Disclaimer: This is not a post on how to make money as an affiliate. I am not an affiliate marketing expert.
In fact, that’s the point of this post. We make use of affiliate programs as a revenue enhancement to our sites Gift Girl and Style Observer. The programs we use are wholly unsuited for the way we use them. Here’s how and why we use them and what we’d like to see.
Content First Affiliate Links
On Style Observer, Jean creates content that often features articles of clothing and how to wear them. She always starts form a concept and finds the right pieces to create the look. The pieces are found around the web on various online clothing catalogs and can come from the smallest boutique to the largest department store. Only after all the content has been created does she even see if the pieces are eligible for affiliate revenue generation. From a business perspective, this creates extremely high conversion rates, as you might imagine, because the advice she gives is genuine and not created to move merchandise. Her readers know this and she generates a lot of trust as a result.
How the Big Boy Affiliate programs work
Linkshare, Commission Junction and Google Affiliate are the Big 3 of the affiliate manager world but there are tons of networks and managers out there. These programs are all set up to facilitate featuring the products merchants want you to sell, not the other way around. They all do things like emailing all the latest banners to feature or product links to throw into a post. They go so far as to provide all the code you need to quickly add to any of your content. That’s great and may work well for those who don’t mind a quick scan of the latest offerings to determine suitability in the pursuit of some commissions, but it doesn’t work for the person who starts with a post concept first , not products.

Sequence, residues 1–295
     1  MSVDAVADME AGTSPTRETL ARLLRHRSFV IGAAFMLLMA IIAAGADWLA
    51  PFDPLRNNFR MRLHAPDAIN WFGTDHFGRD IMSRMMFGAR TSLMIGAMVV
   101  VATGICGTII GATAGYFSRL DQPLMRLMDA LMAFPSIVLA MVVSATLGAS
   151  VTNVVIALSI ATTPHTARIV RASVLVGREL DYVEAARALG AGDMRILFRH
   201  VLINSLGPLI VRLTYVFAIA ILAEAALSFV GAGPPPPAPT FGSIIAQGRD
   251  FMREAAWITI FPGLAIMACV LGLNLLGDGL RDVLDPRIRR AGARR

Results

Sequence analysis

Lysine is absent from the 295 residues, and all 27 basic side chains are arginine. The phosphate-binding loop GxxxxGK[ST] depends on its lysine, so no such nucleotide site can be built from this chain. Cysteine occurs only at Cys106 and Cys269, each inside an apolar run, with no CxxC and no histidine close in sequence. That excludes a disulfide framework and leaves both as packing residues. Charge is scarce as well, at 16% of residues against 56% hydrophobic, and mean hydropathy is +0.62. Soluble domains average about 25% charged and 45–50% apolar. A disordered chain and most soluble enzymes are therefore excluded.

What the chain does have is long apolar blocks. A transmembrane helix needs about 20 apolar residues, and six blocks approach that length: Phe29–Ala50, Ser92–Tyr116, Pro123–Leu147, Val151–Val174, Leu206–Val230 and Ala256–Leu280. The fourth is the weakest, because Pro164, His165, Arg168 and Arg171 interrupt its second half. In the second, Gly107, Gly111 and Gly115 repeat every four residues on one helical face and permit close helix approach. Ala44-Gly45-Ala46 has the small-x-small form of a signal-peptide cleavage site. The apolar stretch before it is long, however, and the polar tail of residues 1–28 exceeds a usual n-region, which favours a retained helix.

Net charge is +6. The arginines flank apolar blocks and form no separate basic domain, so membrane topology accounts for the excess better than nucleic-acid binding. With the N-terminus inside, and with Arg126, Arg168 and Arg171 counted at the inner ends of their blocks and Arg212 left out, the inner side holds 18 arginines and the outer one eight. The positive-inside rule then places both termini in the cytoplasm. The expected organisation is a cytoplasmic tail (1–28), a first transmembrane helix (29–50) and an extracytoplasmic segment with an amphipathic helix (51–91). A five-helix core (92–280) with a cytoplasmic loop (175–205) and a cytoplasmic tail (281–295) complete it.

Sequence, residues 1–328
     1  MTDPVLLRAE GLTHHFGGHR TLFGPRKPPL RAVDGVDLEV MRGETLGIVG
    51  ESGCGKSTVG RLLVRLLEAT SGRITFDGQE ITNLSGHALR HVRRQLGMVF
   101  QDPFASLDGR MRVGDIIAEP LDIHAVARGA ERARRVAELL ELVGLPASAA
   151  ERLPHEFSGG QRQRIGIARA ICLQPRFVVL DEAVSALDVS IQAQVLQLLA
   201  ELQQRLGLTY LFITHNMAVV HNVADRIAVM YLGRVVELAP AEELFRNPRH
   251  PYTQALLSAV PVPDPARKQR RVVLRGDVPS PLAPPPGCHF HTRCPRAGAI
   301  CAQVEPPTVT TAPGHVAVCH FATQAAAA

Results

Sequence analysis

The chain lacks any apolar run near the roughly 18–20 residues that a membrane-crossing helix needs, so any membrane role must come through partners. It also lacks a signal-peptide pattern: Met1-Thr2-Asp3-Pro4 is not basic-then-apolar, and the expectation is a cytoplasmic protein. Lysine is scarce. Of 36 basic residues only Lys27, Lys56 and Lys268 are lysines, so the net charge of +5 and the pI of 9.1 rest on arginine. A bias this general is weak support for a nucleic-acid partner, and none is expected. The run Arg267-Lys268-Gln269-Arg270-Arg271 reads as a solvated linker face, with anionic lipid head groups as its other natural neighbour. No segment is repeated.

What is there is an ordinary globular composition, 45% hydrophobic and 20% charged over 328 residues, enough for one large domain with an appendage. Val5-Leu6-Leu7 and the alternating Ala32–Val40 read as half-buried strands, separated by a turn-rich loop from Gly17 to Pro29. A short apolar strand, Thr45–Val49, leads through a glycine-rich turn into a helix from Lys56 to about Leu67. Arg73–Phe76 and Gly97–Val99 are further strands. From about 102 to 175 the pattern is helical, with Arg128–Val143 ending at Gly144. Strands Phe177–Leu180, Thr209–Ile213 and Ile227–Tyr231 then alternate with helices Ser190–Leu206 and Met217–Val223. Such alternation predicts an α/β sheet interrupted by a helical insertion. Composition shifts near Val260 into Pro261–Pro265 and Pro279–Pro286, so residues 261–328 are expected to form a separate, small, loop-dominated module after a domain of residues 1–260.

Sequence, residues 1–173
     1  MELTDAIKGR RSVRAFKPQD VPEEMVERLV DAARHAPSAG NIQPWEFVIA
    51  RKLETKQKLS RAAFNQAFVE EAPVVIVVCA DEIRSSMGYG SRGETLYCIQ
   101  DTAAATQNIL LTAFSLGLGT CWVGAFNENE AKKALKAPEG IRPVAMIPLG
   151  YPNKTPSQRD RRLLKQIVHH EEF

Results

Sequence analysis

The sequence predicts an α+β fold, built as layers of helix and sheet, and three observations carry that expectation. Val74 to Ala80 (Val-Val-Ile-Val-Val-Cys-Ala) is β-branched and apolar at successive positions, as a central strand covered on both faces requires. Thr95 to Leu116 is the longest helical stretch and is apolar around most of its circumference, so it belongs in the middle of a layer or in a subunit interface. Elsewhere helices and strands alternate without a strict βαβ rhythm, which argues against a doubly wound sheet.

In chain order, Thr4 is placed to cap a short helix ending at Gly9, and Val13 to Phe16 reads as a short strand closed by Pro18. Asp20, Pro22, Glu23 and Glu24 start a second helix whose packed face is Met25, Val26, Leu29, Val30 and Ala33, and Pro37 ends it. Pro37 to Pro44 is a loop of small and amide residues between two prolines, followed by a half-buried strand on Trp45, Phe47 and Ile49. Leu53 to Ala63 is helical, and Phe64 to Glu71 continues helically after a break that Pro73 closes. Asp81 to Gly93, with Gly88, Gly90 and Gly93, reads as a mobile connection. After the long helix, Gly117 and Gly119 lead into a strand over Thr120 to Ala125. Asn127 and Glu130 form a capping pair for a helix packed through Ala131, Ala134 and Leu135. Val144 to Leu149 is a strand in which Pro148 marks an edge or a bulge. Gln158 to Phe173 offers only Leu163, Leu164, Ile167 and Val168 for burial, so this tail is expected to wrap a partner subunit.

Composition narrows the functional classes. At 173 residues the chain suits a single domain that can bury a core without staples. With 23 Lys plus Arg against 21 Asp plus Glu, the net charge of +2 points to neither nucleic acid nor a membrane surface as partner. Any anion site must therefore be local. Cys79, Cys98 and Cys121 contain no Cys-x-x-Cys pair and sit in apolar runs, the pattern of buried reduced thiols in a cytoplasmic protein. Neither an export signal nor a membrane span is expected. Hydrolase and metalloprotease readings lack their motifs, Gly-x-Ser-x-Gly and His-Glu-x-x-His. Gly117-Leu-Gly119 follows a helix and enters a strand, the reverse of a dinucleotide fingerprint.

Their catalogs are usually available via ftp and sometimes you can even browse the catalog in it’s native form (Linkshare has this feature but by their own admission, it doesn’t work very well) But once you find the item you want, you need to generate a link tied to your account and insert it into your content appropriately. This usually means reformatting and a bunch of copying and pasting because they usually present the link in a code format that they prefer….not you. I think you get the picture that when affiliate sales aren’t the genesis of the post, you have a big hassle on your hands. This is not conducive to genuine content creation. Ironic, given it’s probably the most effective way to generate a sale.
You made a Sale!
So, the content was genuine and convincing and a loyal reader took action. Congrats! How’s that affiliate sales management part of your business going? You didn’t get an email notifying you when a sale was made because none of them offer that functionality. So you log on as frequently as time allows to check performance.
This snapshot of a report from Linkshare shows just how bad things are:
- No item description (I don’t have sku’s memorized yet!)
- No explanation for each line (look how many charges on 2/16 were seemingly reversed)
- The data is wrong: there is a positive number for clicks, sales and commissions but the EPC & Orders/Click values are zero
In short, this is a business manager’s nightmare. Imagine the additional work just to be able to answer questions like “What are our best selling items this month”. Unlike the hard-core affiliate pro’s, we often link to a product once and that product’s lifespan might be measured in weeks.
A Plea for Help
We have a few requests. If you can’t swing these, then my gut tells me it’s a start-up begging for a business plan and some seed money!
- Create a system where a publisher can browse a merchant site directly and insert a fully customized affiliate link into their own blogging system quickly and easily. NOTE: Amazon has come the closes to this with their affiliate tool bar.
- Provide program management tools that aren’t suited for the affiliate pro who just sets up coupon farm and pimps whatever your merchants crank out that much.
- Enable reporting that isn’t built for data freaks but business managers: product names not sku’s, sale notification emails and digests, etc.
- Go crazy and throw in some demographic data on clicks and sales (will settle, however, for items 1-3)
This has been our affiliate program experience so far. I am really hoping that someone shows me how much we are getting wrong. Please tell me there’s a solution out there to all these problems.